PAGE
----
Dr Chantelle McGowan, BVSc MANZCVS (Behaviour)
Elite Fear Free Certified Coach
“Inappropriate urination” is a phrase that drives me mad.
Our words matter.
When we say something, there’s connotations attached.
There’s nothing “inappropriate” or indicating “social misconduct” when a cat pees outside their litter tray, we’re the ones with the problem.
Cats prefer to bury their urine and faeces, therefore are usually attracted to litter trays. So there’s always a trigger of some sort for a cat that has been litter-trained to stop using their litter.
Medical causes (like pain, UTIs, urinary crystals or stones, kidney disease or diabetes) aside, the number one reason your cat is peeing outside their litter is stress. And humans anthropomorphising incorrectly suggesting it’s due to spite, pay-back, anger or jealousy is not only missing the point, but also stopping the stressed cat from getting the support they need. “Periuria” or “urinating/eliminating outside the litter” is the accurate and helpful way of describing a cat peeing outside their litter, without myth-based attachments.
Why do cats pee outside the litter?
Cats are quite physically different to us. As efficient predators, but also prey themselves, cats are hardwired with quick reflexes, reactive and have a strong drive for self-preservation. This makes cats (in general) tightly wound, tending always to react first, think second. Having the brain and body constantly on high alert has consequences, and this makes cats prone to stress-related illness, such as Idiopathic Cystitis (inflammation of the bladder with ‘unknown origin’ – we know stress can be a factor to flare it up though).
This is due to the part of the nervous system called the Sympathetic Nervous System, the ‘flight/fight/freeze/fiddle’ nervous system. When the Sympathetic Nervous System is triggered, it affects us to get ready for explosive activity; our heart rate and blood pressure increase, blood flow is increased towards muscles and away from the gut, and sometimes, triggers elimination of urine, faeces or both. In cats, there is a significant amount of sympathetic nerves connected to their bladder, and are therefore the bladder is triggered easily in times of stress.
When the bladder is inflamed, it hurts, especially during urination. Cats can associate that pain with the litter tray, and start eliminating elsewhere (“periuria”). They might stop using their litter tray only when they’re in pain, and when the pain resolves they might go back to the litter tray. But sometimes they think the litter caused them pain and they never want to go back to it. Other times they’re triggered to stop using the litter tray, but then become attracted to or prefer the new location/item/texture of where they’re eliminating. We refer to this as location/substrate aversion or preference, and through a bit of sleuthing, your veterinarian will help you figure out the important difference to help manage the problem.
How to get your cat using their litter again
Getting to the root cause of why your cat stopped using their litter & addressing it is really important to the chances of getting your cat using their litter again.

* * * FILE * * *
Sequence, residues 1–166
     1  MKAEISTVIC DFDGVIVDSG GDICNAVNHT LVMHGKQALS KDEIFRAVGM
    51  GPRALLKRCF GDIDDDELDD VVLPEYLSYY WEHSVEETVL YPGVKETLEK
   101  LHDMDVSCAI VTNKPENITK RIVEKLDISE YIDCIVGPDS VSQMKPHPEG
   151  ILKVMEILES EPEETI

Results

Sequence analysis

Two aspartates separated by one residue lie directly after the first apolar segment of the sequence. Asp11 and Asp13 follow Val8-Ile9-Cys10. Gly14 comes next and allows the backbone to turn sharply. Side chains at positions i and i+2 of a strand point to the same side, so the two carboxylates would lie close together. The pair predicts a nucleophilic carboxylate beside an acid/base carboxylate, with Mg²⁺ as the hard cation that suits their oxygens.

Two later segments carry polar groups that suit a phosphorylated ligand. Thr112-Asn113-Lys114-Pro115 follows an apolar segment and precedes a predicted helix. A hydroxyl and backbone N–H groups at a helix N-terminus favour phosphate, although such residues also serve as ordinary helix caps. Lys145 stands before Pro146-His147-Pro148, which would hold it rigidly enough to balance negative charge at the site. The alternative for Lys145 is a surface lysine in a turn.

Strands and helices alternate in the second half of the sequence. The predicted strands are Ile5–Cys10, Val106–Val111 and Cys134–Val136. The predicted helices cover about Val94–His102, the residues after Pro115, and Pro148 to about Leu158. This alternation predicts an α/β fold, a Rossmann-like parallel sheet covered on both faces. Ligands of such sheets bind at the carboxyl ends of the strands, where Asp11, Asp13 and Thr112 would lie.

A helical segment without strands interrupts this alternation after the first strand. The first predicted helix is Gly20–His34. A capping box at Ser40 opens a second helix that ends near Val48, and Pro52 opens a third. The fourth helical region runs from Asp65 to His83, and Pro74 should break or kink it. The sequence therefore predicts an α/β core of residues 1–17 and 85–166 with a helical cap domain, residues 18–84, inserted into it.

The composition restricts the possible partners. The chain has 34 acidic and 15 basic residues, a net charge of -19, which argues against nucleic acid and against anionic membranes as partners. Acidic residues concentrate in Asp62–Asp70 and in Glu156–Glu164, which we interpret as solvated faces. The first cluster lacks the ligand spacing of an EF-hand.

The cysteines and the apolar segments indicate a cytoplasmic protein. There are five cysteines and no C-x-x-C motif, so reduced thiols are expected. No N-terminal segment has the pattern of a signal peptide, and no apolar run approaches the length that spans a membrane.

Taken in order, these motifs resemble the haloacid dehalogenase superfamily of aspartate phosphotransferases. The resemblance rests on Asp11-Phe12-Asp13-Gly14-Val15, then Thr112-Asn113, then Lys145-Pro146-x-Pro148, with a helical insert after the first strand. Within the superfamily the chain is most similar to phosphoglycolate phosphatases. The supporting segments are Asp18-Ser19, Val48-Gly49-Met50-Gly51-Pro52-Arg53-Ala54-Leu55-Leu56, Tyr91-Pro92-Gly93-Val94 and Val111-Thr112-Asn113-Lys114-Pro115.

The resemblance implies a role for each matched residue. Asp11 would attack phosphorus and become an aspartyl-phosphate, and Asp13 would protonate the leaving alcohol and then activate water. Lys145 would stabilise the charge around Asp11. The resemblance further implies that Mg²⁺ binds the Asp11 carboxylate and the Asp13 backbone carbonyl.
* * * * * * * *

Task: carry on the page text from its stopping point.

If it’s a medical reason, work with your veterinarian to diagnose and treat the problem, and possibly the periuria will resolve on its own.
For example, if your cat is quite old and painful arthritis is stopping them from being able step over the high edges of the litter tray, follow your veterinarian’s
pain plan and perhaps find a new litter tray with lower edges, or do away with a section of the litter tray wall altogether. Yes, it might get messy with litter, but it’s better than cleaning urine and faeces out of the carpet or rug!
If stress is the main cause of your cat’s periuria (like a new cat in the neighbourhood, change in family, or moving house) consider referral to a behaviour veterinarian who can help you support your cat’s emotional wellbeing. There are often many minor stressors in a cat’s life that can be managed if the main stressor cannot. Again, oftentimes, dealing with the stress can result in resolution of the periuria.
Cats generally prefer:
Litter away from food and water; preferably in another room
A lot of litter with plenty of depth to scratch
Big litter trays; 1.5x the length of their body with enough room to turn around; very few commercial litter trays fit this preference, so sometimes adapting a storage container (and taking the wheels off!) is the way to go
Covered vs uncovered? Sometimes; some cats feel trapped with covered litter trays, others prefer the privacy so offer them both initially and see which one they go for
Litter in a quiet space i.e. not next to the washing machine or in a thoroughfare
Non-scented litter; offer multiple litter types to your cat and see which one they pick
No rustling tray-cover bags
Multiple trays per cat – if they’re side-by-side, that only counts as one giant litter tray
Clean litter - scoop multiple times a day folks!
Plain dish-soap & hot water is fine for cleaning trays – do not use bleach!
Usually, figuring out why your cat stopped using their litter and addressing that, as well as appealing to their preferences, can get your cat happily using their litter tray again!
While intended to help any pet parent with an anxious little one, this article is no substitute for a consultation with firstly, a veterinarian to ensure no physical ailments, and secondly, a qualified veterinary behaviour professional to assess your pet, their unique triggers, thresholds and capabilities, to offer a treatment plan tailored for success.